Revelations is another highlight of the track. The Gospel Tune is given a lovely twist here when Ford plays it (the only instrumental on the album). It’s nice to hear a song like this being revamped and played well by everyone here, you can still hear its gospel roots but with that edge that Robben Ford brings to everything he plays.

For interests sake here is Revelations played by the Yellow Jackets:

One of the few originals on the Album, “Getaway” starts off how it continues; slick and groovy. The drums at the very start will send shivers down your spine, the whole song swings back and forth between mountains of sound and some lovely sparse playing and it makes for good listening.

Can’t Let Her Go, the final track, is probably the most divisive; If you can get past how incredibly 80s it is, you’ll appreciate the musicianship and if you can’t you’ll be dogged throughout the song by a decade that many people would rather forget. Like a lot of music from then, it is of its time but that doesn’t necessarily mean it’s bad, if you looked past some of the exterior (i.e. the keyboard sounds) I’m sure you’ll find something to like about it.

When I started this I really expected to just be writing, “Robben Ford is awesome, all bow down before him for”, for six paragraphs. I was pleasantly surprised to find I had some criticisms of this album, but that doesn’t change that it is a classic album and anyone who isn’t already listening to Robben Ford should get something by him. Immediately. (Talk to Your Daughter or A Handful Of Blues being the two best to start with, I think)

All in all, the main strength of this album is in the bands playing its self, the songs themselves could basically be anything, and it wouldn’t be that important (I exaggerate :p: ). To utilise a cliché: 'It’s not what they’re playing, it’s how they’re playing it'.

04-09-2008, 07:50 PM
At the risk of sounding like an idiot, who/what's AOTM?

04-09-2008, 07:52 PM
At the risk of sounding like an idiot, who/what's AOTM?

'Album of the Month' Someone writes up a little something about an album , basically. We seem to have 1 for blues and one for jazz, though it's not been to regular yet.

04-20-2008, 04:48 AM
i just dl'd this album, after meaning to for a while. it's pretty damn good :)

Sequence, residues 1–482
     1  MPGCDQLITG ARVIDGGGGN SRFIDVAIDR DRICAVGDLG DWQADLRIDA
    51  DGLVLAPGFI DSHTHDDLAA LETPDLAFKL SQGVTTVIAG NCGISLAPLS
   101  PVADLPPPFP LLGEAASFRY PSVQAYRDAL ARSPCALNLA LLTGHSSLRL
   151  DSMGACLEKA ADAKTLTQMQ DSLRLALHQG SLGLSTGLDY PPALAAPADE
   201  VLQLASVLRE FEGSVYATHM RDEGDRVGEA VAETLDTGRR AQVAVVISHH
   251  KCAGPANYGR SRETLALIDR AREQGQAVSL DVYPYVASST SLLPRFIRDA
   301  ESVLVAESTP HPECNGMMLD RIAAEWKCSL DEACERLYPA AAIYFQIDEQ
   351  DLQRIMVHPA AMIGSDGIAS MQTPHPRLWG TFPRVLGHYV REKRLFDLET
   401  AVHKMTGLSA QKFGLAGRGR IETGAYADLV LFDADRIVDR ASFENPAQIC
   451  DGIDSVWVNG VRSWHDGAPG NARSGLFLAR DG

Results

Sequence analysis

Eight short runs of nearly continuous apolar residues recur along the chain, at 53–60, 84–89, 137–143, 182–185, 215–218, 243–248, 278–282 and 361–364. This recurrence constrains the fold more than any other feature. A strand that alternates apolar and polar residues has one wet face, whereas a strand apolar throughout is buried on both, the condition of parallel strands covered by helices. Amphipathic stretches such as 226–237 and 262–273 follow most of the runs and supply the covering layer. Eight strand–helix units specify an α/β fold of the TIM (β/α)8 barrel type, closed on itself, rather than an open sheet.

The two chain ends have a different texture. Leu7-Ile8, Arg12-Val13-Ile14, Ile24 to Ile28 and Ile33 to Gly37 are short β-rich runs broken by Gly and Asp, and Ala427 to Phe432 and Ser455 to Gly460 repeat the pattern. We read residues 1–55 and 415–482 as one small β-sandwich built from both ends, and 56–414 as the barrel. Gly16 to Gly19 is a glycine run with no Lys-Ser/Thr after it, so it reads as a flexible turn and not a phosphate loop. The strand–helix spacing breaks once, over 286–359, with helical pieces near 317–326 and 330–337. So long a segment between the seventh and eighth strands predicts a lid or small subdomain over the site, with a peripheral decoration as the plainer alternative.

04-22-2008, 09:59 PM
Well, ace!

You should check out his 'Handful of blues' album, if anything i'd say it's better.

04-29-2008, 10:12 AM
insane song!! are you sure J. B. Lenoir was original?

also save your nights for me.. TUNE!!


04-29-2008, 02:13 PM
Em, I'll try and find out for you, I think it was though.

*frantically looks for CD*

05-16-2008, 08:03 PM
This is the only thing I've been listening to this whole month. (Except for some random stuff)

And when I go into the B & J forum this is what I see?

Great minds think alike! :cheers:

EDIT: Am I the only one who absolutely adores his singing? I find it perfect!

05-16-2008, 09:28 PM
This is the only thing I've been listening to this whole month. (Except for some random stuff)

And when I go into the B & J forum this is what I see?

Great minds think alike! :cheers:

EDIT: Am I the only one who absolutely adores his singing? I find it perfect!

I think he's a competent singer, it's just not my thing really.

But yeah, I love his guitar playing.

05-19-2008, 04:39 PM
Well, ace!

You should check out his 'Handful of blues' album, if anything i'd say it's better.
That album is amazing ;)

06-03-2008, 07:13 PM
we're at june and no one has written the next albums of the month.

If no one else picks up the ball I'll write a jazz AOTM.

06-03-2008, 08:01 PM
Go ahead, Jimmy. I'll write a blues one, or we can do just one album for the whole section this month.

06-25-2008, 06:22 AM
I love robbens playing, the brother is also a great track as it really shows what he can do